Join us at City Lit Books for Poetry Night as we welcome poets Anne-Marie Fyfe and Cahal Dallat (visiting from London), and Jacquelyn Pope as they read from their collections and discuss their works.
Anne-Marie Fyfe’s poems have long dwelt on the role that the spaces we inhabit, the places in which we find security, play in our lives: House of Small Absences is an observation window into strange, unsettling spaces—a deserted stage-set, our own personalised ‘museum’, a Piedmont albergo, underground cities, Midtown roof-gardens, convent orchards, a Romanian sleeper-carriage—the familiar rendered uncanny through the distorting lenses of distance and life’s exigencies, its inevitable lettings-go…
Anne-Marie Fyfe’s fifth poetry collection, House of Small Absences ) has just been published. Born in Cushendall, County Antrim, Ireland, Anne-Marie now lives in London where she works as an arts organizer. She has won the Academi Cardiff International Poetry Prize, has run Coffee-House Poetry’s readings & classes at London’s leading live literature venue, the Troubadour, since 1997, is Poetry Coordinator for the annual John Hewitt International Summer School in Armagh City, & is a former chair of the UK’s Poetry Society.
Cahal Dallat’s ground-breaking debut collection saw him hailed as ‘the unsung genius of Irish poetry’ (Guardian). The Year of Not Dancing, a profoundly autobiographical book, marks his long-awaited poetic return. This collection is dedicated to the author's mother, who died when he was eleven. Poised between past and present, between growing up in a small town in the Glens of Antrim and the worlds of adulthood and parenthood in London, The Year of Not Dancing explores the bonds of family and belatedly seeks to come to terms with loss through the redemptive power of memory and love. This tender, candid, and beautifully crafted collection confirms Dallat as one of the most exciting voices in Irish poetry.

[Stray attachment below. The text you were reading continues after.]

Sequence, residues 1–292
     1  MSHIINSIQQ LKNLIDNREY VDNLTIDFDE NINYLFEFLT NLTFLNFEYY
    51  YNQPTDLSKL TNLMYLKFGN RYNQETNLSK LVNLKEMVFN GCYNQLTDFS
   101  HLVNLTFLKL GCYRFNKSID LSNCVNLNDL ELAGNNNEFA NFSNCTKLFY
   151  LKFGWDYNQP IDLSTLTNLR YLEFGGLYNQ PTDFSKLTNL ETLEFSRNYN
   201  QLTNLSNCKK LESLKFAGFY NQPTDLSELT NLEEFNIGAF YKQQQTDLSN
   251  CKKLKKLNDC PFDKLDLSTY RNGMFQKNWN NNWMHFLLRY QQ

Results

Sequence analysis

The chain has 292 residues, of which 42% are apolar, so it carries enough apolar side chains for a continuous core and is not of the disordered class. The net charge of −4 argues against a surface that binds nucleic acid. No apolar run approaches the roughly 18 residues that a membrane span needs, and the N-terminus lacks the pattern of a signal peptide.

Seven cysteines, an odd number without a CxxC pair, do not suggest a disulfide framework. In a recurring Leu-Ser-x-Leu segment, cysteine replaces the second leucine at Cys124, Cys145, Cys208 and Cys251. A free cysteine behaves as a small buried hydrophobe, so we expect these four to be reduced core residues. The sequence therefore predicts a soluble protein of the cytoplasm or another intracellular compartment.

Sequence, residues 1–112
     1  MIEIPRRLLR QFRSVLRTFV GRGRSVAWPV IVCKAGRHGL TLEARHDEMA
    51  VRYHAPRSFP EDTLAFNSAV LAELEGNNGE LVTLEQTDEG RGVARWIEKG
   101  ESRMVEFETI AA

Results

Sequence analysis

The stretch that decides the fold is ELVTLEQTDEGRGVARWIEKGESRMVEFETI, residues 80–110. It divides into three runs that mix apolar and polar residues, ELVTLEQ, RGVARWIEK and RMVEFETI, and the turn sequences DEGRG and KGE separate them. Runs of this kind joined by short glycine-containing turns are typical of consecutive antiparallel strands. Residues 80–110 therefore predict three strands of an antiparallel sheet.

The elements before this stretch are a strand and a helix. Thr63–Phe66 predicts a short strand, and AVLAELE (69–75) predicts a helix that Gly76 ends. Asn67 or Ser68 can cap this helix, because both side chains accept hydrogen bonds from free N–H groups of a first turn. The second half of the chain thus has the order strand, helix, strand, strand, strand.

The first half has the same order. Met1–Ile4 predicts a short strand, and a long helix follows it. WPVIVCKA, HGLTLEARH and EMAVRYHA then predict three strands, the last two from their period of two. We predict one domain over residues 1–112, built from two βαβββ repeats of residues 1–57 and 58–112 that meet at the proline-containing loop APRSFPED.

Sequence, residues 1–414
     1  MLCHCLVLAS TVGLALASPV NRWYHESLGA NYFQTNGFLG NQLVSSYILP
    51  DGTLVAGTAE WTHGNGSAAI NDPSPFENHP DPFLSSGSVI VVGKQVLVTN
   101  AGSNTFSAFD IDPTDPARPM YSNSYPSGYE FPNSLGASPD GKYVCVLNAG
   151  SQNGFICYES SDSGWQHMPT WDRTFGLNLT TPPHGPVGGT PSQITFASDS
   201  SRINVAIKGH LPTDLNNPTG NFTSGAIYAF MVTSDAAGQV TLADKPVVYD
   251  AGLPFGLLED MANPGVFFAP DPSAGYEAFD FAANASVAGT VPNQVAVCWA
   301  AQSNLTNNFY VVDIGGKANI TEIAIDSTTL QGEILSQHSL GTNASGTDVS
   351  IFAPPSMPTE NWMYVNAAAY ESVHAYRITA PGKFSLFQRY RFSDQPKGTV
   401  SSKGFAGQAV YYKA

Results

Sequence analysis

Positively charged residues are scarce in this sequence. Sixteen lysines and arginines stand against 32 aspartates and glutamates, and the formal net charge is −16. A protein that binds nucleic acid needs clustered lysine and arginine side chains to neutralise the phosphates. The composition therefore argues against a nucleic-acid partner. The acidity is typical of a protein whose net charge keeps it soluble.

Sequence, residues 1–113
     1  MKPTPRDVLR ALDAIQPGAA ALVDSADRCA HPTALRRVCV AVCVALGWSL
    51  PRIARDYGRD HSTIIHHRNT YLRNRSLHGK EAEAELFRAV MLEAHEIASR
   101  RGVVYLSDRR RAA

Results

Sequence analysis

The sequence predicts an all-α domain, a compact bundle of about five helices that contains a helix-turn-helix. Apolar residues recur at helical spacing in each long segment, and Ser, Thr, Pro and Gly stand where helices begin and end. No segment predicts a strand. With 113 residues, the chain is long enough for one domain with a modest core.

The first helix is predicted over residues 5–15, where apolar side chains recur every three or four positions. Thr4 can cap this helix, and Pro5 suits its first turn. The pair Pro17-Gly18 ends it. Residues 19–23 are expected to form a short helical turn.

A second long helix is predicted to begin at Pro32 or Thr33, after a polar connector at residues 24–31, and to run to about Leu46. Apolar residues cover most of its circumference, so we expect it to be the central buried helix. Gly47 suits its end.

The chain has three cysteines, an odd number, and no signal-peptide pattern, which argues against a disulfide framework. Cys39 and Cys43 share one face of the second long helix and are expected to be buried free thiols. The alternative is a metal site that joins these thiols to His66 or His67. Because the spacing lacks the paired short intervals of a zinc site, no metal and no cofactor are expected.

C.L. Dallat, poet, musician and critic, (b. Ballycastle, Co. Antrim, Ireland) lives in London where he reviews literature and the arts for the TLS and Guardian among others, and has been a regular contributor to BBC Radio 4’s weekly Saturday Review since 1998. His first poetry collection, Morning Star, was published in 1998, he won the Strokestown International Poetry Competition in 2006.
Watermark is a book of spells, prayers, and hauntings. It describes its own compressed language: "crossed double-crossed underscored" in dreamscapes writ in rain, wind, mist, and harbor water. Tact and mystery marry in these glintings of loss and of life recovered from ruin. Jacquelyn Pope is fearless in her art, and has no need to raise her voice.
Jacquelyn Pope’s first collection of poems, Watermark, was published by Marsh Hawk Press. Hungerpots, her translation of the selected poems of Dutch poet Hester Knibbe, is forthcoming from Eyewear Publishing (UK). Her work has received the José Marti Prize and awards from the Academy of American Poets and the Massachusetts Cultural Council. She is the recipient of a 2015 NEA Translation Fellowship and a 2012 PEN/Heim Translation Fund grant.